Finally, Bryant's motion included a recommendation to convene a special group to explore the thorny issue of "reasonable assurance." While TMDLs serve as the basis for discharge limits for wastewater treatment plants or industries with permits, they do not provide direct authority to control sources of runoff, such as agriculture, which are the source of most pollution to the Bay.
EPA guidance calls for the TMDL to provide "reasonable assurance" that those reductions would be met. In reality, many TMDLs provide little such detail. Some-including the CBF-have said that the Bay TMDL should serve as a national model and provide specific information about how runoff will be controlled.
In its letter, the CBF said that could include identifying adequate funds to ensure goals are met; identifying state laws and regulations that could enforce reductions; setting time frames and deadlines for meeting reductions; and other actions.
"The fundamental question is, what is the TMDL going to mean for the Bay?" Hoagland said.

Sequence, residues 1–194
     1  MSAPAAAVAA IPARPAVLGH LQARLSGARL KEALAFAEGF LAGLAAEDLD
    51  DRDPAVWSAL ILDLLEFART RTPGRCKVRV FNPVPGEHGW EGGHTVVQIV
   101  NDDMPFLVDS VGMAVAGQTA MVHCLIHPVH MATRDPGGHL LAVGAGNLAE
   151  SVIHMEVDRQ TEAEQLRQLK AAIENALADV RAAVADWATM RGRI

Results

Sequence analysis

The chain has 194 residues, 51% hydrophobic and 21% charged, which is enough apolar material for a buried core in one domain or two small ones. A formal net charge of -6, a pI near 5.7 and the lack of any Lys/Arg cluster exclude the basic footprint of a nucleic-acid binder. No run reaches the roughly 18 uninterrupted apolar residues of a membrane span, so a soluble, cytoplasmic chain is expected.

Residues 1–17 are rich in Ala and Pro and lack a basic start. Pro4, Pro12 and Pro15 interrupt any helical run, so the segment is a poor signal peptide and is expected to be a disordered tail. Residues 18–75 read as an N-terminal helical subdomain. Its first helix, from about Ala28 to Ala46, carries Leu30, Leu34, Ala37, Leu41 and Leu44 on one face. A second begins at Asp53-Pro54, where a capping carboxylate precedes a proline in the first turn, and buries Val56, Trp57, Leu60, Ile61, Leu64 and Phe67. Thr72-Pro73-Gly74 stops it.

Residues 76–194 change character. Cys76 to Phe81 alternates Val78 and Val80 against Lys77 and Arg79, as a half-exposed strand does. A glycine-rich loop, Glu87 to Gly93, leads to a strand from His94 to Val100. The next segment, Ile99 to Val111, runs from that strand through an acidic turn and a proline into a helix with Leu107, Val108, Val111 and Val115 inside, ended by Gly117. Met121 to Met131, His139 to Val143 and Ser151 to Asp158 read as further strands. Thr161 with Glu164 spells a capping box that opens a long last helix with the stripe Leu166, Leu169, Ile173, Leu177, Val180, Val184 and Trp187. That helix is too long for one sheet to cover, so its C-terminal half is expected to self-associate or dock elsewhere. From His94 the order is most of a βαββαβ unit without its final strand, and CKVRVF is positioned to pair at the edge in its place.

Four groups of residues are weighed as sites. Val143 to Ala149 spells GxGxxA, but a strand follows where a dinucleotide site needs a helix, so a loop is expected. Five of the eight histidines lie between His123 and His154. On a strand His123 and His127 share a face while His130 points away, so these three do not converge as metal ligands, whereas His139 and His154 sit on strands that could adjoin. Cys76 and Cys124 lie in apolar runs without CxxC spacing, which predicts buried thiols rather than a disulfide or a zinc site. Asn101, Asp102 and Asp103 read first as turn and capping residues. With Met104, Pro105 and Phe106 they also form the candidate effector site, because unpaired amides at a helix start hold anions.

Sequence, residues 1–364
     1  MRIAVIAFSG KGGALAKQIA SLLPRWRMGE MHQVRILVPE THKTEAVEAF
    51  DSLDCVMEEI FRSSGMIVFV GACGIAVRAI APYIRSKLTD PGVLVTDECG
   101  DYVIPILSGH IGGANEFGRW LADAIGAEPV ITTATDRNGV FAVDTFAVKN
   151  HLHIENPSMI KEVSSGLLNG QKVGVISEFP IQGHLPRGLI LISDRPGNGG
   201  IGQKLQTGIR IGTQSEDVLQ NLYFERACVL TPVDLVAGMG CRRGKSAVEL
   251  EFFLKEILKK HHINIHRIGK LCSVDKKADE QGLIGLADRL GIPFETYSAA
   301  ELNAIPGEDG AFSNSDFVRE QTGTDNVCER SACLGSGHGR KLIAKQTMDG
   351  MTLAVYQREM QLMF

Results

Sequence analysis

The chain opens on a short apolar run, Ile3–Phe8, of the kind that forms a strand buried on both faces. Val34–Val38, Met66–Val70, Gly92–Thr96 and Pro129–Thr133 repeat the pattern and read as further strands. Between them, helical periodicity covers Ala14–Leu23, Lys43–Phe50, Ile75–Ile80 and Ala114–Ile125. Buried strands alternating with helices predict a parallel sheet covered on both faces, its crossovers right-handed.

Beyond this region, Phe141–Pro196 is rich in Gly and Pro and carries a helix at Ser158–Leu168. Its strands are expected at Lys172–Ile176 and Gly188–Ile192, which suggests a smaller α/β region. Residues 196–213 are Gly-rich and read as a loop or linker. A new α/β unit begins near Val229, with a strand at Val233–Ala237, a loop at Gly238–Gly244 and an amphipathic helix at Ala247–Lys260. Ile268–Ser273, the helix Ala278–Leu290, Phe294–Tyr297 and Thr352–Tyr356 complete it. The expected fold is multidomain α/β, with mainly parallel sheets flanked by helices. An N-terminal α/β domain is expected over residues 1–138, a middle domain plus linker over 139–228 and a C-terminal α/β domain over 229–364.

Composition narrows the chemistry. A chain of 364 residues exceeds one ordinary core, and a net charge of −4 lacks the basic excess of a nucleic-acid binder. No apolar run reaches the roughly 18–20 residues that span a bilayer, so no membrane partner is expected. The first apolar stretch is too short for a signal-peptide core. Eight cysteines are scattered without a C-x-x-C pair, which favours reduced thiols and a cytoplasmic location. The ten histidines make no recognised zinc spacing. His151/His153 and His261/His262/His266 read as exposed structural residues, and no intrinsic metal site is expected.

The Bay Program has repeatedly missed past cleanup goals, and committee members agreed that the new plan needed to include better assurances that it will be implemented.
"We don't want a worthless TMDL," said Ann Swanson, executive director of the Chesapeake Bay Commission, which represents state legislatures. "What a waste of time."
The committee called for recommendations on addressing reasonable assurance by its September meeting in preparation for a likely request for endorsement by the Chesapeake Executive Council later in the fall.
Bryant's multi-part motion for advancing the TMDL process was approved by hand vote. There were no apparent dissenters.